The Center for Israel Education, with the cooperation of the Foundation for Jewish Camp, led a three-day Israel learning retreat in May for 35 overnight and day camp staffers, most of them either in college or recent college graduates.
The three-day workshop focused on enhancing one of the most successful Jewish education models — summer camp — with historical, fact-based content and state-of-the-art, informal education methods.
A beneficial result from working with these students is that they not only will use the information gleaned from our time with them, but also will return to campuses where their information base can be used in asserting Israel’s story.
Camps were invited to send cohorts of up to five staff members, including a member of the senior leadership team. Core funding for the retreat, held at Ramah Darom, came from a New York-based foundation that supports facilitating Israel identity in Jewish environments.
Content included the origins of Jewish identity, peoplehood, Zionism, state making and contemporary issues. We devoted time to implementing the content for camp experiential engagement. Each camp cohort spent time figuring out how its unique camp setting could infuse Israel into interactive, experiential educational programming.
We’re mindful of the longtime contributions of Israeli summer shlichim (emissaries) and know that a lot of North American camps have long incorporated elements of Israeli life, lore and culture into their camp programming. This workshop is about ramping up the content to be more than an Israel Day or an Israeli Scouts fire sign.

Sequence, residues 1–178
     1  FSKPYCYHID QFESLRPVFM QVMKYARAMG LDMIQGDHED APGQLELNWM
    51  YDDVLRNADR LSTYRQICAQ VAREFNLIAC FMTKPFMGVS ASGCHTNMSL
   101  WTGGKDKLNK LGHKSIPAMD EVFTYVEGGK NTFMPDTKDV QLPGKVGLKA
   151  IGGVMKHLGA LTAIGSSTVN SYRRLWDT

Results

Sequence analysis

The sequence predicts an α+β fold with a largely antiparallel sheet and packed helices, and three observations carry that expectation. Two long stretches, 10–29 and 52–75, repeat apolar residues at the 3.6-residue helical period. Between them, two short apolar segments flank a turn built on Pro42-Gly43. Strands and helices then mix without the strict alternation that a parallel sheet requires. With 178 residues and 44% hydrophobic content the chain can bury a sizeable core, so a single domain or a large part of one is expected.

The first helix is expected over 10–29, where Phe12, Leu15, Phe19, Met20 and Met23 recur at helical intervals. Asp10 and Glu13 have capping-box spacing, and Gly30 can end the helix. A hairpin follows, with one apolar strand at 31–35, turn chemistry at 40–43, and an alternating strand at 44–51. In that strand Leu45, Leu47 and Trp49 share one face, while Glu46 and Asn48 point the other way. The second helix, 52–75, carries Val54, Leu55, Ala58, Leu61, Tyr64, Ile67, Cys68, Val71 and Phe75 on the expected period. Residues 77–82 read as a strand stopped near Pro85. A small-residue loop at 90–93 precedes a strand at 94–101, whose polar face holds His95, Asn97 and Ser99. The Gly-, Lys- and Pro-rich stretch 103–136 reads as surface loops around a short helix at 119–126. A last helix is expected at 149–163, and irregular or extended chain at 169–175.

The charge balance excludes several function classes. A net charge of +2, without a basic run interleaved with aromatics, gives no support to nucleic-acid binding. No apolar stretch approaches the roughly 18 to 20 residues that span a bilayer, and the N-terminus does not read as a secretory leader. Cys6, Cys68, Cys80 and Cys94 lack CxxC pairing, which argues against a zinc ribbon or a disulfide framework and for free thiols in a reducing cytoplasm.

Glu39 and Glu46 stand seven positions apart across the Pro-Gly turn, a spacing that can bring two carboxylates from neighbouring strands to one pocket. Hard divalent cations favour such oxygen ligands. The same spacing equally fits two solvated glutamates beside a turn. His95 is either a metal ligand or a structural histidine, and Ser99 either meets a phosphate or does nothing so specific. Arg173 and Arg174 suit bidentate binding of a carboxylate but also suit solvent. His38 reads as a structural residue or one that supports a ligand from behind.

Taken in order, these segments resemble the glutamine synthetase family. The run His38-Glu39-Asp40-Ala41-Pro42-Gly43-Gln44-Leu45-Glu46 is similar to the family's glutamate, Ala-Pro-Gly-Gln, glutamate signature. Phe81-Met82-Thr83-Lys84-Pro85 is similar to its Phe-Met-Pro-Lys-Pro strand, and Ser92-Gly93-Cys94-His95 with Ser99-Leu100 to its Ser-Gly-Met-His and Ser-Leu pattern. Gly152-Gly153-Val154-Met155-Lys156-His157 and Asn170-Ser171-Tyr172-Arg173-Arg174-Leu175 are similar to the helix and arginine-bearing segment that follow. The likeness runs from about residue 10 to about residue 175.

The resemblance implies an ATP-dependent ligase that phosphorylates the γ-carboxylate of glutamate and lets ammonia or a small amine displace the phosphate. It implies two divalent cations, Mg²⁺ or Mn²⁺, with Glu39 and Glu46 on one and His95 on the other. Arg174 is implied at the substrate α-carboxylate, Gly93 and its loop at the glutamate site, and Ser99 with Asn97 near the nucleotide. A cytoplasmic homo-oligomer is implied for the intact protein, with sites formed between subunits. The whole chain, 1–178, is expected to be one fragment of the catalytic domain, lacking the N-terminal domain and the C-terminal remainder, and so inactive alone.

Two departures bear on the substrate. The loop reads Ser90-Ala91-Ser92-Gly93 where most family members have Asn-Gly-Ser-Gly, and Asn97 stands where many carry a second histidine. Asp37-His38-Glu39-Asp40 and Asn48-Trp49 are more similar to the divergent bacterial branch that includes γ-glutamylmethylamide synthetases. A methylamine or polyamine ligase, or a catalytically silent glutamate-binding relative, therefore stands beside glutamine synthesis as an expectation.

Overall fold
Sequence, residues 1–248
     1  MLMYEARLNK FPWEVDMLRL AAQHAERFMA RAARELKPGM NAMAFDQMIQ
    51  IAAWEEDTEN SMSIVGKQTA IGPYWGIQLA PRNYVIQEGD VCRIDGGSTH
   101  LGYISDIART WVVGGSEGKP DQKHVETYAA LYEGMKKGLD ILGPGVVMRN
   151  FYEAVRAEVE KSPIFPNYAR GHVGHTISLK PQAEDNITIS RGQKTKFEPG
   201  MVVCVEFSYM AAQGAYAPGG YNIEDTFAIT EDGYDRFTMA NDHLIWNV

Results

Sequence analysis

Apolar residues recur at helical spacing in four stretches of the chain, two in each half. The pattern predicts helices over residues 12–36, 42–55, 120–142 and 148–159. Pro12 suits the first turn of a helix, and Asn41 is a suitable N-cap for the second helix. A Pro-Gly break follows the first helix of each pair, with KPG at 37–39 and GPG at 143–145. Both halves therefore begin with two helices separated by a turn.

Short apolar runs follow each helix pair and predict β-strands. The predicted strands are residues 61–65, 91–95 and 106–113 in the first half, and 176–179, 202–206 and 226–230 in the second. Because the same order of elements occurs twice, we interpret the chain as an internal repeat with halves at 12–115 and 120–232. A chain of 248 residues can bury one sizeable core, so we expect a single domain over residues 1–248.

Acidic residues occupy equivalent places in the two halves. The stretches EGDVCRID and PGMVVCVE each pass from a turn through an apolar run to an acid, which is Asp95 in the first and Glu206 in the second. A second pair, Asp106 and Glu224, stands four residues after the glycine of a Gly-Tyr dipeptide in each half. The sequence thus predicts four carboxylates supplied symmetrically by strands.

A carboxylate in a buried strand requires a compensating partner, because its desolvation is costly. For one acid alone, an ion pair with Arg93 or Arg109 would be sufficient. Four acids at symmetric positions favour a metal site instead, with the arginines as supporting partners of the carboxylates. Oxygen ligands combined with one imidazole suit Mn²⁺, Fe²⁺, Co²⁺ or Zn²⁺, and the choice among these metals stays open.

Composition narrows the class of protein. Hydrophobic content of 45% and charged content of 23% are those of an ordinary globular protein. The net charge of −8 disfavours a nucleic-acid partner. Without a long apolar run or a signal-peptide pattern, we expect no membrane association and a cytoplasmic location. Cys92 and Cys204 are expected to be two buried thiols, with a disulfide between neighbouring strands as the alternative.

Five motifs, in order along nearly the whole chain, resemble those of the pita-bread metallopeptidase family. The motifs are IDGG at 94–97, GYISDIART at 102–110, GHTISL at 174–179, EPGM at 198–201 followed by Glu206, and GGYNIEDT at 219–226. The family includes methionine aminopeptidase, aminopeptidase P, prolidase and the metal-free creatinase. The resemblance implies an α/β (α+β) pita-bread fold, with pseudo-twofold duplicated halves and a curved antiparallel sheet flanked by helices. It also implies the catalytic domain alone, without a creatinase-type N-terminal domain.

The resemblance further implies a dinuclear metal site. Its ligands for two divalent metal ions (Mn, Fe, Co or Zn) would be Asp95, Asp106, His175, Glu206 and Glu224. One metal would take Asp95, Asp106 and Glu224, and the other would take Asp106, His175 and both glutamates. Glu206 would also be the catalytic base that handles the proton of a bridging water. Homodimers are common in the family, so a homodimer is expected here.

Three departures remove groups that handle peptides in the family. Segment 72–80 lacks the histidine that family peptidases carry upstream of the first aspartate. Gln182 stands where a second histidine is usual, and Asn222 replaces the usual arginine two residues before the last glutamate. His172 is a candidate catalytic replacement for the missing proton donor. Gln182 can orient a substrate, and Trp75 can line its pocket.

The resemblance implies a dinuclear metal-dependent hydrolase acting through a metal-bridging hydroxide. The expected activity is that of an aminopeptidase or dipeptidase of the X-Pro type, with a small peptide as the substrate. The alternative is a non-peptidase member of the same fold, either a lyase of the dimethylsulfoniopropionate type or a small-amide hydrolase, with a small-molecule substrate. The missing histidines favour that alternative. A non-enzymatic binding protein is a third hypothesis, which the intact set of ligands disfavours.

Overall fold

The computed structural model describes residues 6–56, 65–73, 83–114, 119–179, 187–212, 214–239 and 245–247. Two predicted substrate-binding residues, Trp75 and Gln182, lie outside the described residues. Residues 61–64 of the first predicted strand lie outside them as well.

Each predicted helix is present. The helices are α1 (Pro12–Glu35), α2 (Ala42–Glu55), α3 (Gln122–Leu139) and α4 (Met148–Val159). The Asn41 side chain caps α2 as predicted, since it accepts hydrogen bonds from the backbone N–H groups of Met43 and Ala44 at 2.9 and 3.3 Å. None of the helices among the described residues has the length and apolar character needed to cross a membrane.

It is about giving the campers, through their staffers, important content about Israel that reaches far beyond front-page headlines and news bites. It is about building historical foundations that provide innovative ideas for engaging campers.
We did not shy away from questioning tough issues.
Recounting her experience at the retreat, Elana Pollack, the program director of Camp Judaea in Hendersonville, N.C., found the time a delightful interlude to what she normally does.
“As a full-time camp program director and part-time religious school teacher, I spend most of my time in camp leading and setting up the discussions rather than participating in them,” she said. “The seminar challenged me to think and respond in ways that I hadn’t in several years about topics that did not actually require my solution — oh, how refreshing as the summer camp season is upon me! After allowing myself to sit on the student side of the classroom, learning from the CIE staff and the impressive, young participants, I now feel more properly positioned to encourage these exercises and conversations in camp.”
CIE President Ken Stein said: “Some participants wrote feverishly, jotting down ideas from peers. Others challenged their own perceptions of Israel’s story, and still others figured out, through brisk exchanges, how to apply content to their camp’s settings. As a teacher, watching each of them belong to Israel’s story in their unique ways generated similar outcomes to what educators, teens and clergy have experienced in previous Israel learning sessions with us. Common to all of them is understanding content in context. By asking poignant questions, most realized that it is possible to concretize their attachments to Israel and still be critical where appropriate. It is all about substance and nuance.”
Steve Kerbel, an educational consultant in the Washington area, is the camp project director for the Center for Israel Education.